The goal is to narrow the gap between how physicians are currently trained and the future needs of the U.S. healthcare system. “Rapid changes in healthcare require a transformation in the way we train future physicians,” Dr. Jeremy Lazarus, president of the AMA, said in a news release.

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SVMH panels tackle several items
The Californian - Salinas

The board of trustees committees of the Salinas Valley Memorial Healthcare System will hear reports today from three different panels tackling everything from the hospital’s current financial position to ethics standards surrounding community donations.

One report will examine the efficiencies of having a consultation conducted through video or teleconferencing in the case of psychiatric emergencies.

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Procedure targets ‘irregularly irregular’ heartbeats
Napa Valley Register

Tom Ohlsson was nearly out of options to treat his irregular heart rate.

After being diagnosed with atrial fibrillation in 2000, the Colorado resident tried everything — from medications to an electric shock procedure — to get his heart to normal rhythm. But each promising new therapy provided only temporary relief.

By 2011, Ohlsson was giving up hope, until his wife learned online about a clinical trial for atrial fibrillation patients at Stanford.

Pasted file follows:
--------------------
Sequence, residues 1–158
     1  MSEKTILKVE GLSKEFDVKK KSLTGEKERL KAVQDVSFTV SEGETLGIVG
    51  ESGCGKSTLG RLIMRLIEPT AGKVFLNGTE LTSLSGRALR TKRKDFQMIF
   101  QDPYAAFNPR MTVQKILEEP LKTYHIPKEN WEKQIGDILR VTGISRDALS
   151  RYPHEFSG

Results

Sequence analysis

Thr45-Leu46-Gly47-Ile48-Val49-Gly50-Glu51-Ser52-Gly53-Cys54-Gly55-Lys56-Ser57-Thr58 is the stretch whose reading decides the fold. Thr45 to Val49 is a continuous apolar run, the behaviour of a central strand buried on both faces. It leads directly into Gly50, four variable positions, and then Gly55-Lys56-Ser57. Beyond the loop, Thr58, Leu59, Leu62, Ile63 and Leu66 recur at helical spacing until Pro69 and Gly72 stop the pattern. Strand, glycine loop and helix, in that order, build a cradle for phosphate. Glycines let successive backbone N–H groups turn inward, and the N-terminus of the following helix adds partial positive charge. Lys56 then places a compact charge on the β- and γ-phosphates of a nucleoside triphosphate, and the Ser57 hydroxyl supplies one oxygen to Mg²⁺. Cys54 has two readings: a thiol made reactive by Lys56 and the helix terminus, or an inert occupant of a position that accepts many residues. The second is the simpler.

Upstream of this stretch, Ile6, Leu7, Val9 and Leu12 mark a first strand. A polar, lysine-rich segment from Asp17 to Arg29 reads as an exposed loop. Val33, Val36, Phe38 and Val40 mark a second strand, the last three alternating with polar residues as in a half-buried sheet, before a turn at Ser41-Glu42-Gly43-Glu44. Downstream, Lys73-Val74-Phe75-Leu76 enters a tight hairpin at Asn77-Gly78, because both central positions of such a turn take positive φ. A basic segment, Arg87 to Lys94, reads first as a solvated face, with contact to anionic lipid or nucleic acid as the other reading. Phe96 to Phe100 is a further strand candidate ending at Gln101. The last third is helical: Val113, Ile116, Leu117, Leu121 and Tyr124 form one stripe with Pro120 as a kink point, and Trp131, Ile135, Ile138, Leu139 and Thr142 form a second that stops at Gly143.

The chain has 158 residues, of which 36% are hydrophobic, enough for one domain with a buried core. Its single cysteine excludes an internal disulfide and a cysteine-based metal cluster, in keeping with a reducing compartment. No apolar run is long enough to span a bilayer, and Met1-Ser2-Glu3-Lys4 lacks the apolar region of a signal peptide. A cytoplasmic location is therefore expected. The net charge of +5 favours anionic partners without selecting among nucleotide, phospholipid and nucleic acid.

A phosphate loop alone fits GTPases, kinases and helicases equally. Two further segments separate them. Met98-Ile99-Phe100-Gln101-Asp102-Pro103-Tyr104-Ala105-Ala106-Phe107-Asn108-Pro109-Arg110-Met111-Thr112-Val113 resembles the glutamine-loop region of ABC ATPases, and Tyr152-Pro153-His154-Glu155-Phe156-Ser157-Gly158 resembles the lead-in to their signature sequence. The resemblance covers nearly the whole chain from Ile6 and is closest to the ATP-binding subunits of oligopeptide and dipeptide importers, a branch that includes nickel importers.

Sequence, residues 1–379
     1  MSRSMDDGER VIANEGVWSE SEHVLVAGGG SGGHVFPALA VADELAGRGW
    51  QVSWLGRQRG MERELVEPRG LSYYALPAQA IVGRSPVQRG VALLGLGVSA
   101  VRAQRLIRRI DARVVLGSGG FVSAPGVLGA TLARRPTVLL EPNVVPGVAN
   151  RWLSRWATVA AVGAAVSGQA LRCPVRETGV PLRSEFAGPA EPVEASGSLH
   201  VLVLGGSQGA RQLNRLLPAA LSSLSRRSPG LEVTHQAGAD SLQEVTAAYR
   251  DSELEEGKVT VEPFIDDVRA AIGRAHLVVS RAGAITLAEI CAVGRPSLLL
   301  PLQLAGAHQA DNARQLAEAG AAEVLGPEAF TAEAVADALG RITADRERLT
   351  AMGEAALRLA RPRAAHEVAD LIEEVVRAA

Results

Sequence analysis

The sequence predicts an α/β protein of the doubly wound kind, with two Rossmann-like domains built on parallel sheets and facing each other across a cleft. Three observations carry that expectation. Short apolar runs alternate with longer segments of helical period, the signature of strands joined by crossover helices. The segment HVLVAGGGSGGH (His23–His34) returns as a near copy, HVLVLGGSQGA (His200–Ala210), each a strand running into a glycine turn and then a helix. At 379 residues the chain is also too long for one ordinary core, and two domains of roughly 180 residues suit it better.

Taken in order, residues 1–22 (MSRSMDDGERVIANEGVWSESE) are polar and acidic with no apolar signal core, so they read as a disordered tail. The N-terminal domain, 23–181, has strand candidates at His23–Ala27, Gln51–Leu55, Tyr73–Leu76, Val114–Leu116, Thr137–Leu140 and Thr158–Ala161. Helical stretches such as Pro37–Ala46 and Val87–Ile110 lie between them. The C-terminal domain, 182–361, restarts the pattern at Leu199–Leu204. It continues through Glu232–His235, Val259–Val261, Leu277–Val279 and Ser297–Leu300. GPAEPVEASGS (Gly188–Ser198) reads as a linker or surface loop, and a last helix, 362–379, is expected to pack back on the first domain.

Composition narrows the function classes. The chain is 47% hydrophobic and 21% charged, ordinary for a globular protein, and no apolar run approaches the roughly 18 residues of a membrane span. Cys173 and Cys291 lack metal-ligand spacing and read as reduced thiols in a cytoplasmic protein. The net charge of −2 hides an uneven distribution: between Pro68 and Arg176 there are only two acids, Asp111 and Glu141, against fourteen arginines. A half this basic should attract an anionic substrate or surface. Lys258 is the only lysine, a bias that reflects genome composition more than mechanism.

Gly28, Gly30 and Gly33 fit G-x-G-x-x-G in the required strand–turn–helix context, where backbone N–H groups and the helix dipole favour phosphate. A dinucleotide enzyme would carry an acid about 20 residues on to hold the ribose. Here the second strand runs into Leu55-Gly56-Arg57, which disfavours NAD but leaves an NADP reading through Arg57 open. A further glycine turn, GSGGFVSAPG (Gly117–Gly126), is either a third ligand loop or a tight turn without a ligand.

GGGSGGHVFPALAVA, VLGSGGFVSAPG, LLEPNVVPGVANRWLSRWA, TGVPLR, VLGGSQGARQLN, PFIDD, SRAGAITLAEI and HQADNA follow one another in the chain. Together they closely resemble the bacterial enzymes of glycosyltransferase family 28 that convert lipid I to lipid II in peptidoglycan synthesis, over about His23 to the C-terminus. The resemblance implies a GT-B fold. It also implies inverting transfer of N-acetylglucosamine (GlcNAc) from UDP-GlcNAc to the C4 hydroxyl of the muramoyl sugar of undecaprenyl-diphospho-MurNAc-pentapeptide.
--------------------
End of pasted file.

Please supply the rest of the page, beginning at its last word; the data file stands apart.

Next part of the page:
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Poll: Rural Californians back wide action to fight obesity

The vast majority of registered voters in rural California say obesity is a serious problem nationally and in their communities, and many say they wish business, government, community groups and individuals were doing more to fight the problem, according to a new poll released Tuesday. The survey, conducted by Field Research for the Public Health Institute, also found that rural voters from both political parties believe that government programs designed to keep peole healthy pay for themselves in the long run.

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Testing brain pacemakers to zap Alzheimer’s damage

It has the makings of a science fiction movie: Zap someone’s brain with mild jolts of electricity to try to stave off the creeping memory loss of Alzheimer’s disease.